I had to split the trip up over three days to accomodate for a freelancing gig I had to do one of the mornings, so it wasn’t even all that stressful. A five-hour day, a seven-hour day and a final eight-hour day of driving can hardly be considered all that draining, though by the time I reached home, the cumulative effect of the trip had taken its toll. I hit the hay pretty hard that night once I was back in my own bed.
Never got drowsy, never did the droopy-eye thing, never had to make a desperate stop for some caffeine.
Since nothing profound happened, I thought I’d share some of the smaller bits of wisdom I picked up on the road. And I mean small.
• That thing you want right at this moment while going 80 miles per hour just outside of Little Rock, Ark., — whether it be a bottle of water you bought at a pit stop an hour ago, your pack of gum or the power cord for your cell — is always ALWAYS going to be just out of reach. Always. The empty front passenger seat is your best friend, make use of it.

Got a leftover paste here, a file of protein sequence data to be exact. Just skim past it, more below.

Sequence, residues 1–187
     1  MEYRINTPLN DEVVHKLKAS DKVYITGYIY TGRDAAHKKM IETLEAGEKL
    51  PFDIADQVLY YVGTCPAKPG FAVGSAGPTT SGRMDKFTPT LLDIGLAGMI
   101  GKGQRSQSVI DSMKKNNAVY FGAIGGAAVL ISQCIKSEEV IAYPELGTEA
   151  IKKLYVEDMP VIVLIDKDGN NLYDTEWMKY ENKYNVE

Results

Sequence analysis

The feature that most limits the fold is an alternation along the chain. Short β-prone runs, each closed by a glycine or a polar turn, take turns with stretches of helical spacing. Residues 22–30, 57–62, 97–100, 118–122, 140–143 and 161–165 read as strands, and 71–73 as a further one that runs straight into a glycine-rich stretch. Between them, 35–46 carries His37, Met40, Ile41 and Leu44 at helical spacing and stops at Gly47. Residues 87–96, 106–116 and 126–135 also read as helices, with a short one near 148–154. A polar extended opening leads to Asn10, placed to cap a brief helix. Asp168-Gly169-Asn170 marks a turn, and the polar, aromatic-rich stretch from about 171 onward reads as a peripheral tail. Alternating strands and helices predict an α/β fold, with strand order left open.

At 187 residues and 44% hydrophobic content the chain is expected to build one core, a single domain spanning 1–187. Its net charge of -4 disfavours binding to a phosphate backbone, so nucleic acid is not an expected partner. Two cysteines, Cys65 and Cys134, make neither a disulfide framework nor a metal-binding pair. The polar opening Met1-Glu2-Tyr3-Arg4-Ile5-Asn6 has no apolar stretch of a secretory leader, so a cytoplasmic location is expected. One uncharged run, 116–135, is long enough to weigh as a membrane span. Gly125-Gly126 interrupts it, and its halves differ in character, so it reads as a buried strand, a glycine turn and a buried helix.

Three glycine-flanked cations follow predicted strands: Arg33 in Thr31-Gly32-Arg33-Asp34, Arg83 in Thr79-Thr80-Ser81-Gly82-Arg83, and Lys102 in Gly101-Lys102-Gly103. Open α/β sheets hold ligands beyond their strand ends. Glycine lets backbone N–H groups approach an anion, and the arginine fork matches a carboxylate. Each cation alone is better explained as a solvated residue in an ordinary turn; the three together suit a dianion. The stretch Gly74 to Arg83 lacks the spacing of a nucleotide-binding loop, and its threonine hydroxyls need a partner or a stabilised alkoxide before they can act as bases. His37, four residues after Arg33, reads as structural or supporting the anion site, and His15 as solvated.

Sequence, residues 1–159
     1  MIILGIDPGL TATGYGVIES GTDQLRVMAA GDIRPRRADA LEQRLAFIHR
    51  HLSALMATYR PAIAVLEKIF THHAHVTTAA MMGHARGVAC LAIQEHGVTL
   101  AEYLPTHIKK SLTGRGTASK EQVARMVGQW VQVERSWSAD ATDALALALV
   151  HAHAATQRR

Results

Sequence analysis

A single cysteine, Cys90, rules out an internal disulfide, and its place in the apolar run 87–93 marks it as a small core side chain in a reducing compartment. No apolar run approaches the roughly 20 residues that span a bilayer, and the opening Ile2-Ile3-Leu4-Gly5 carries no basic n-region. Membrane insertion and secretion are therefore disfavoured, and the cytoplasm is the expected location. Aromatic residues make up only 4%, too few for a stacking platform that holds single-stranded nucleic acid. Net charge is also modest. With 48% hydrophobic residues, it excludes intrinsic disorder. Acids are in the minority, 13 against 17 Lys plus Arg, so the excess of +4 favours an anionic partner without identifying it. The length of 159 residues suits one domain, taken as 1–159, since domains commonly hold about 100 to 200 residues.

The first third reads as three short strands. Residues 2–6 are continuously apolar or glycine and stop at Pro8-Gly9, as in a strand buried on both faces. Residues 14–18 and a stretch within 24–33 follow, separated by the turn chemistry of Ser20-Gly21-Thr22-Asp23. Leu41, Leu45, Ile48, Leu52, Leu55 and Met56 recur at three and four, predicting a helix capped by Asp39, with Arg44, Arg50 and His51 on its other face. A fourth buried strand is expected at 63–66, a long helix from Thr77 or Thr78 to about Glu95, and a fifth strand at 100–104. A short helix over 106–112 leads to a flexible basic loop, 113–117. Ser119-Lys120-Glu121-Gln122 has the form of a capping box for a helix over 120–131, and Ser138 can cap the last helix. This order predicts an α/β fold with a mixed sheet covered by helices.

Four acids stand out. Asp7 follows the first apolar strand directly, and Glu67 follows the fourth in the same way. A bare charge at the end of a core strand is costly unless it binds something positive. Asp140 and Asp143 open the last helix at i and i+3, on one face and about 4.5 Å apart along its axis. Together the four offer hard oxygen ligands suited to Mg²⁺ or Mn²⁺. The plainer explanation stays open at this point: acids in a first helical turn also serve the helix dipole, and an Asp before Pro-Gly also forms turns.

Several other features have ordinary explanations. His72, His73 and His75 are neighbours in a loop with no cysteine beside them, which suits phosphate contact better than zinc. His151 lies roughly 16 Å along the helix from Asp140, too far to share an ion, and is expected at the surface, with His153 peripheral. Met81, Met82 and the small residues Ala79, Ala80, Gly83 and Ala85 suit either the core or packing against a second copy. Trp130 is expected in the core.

• Tractor trailers are indiscriminate when changing lanes. They don’t care if there’s a car already there or not. When they throw on that blinker, you best be moving, and fast.
• Eating alone in a sit-down restaurant isn’t all that bad, especially at a Cracker Barrel. Lots of travelers, so the servers usually help get you in and out of there pretty quick.
• Stopping at a White Castle because you’ve never seen one and Harold and Kumar make it seem so great is, in fact, not a great idea. Gross.
• FM transmitters syncing your MP3 player or smart phone to your car radio will drop the signal roughly once every 45 minutes. Finding a new, clear station while going 80 miles per hour can be tricky. I learned a bit too late in the game that the lowest channels are largely unused, and thus, FM transmitter gold.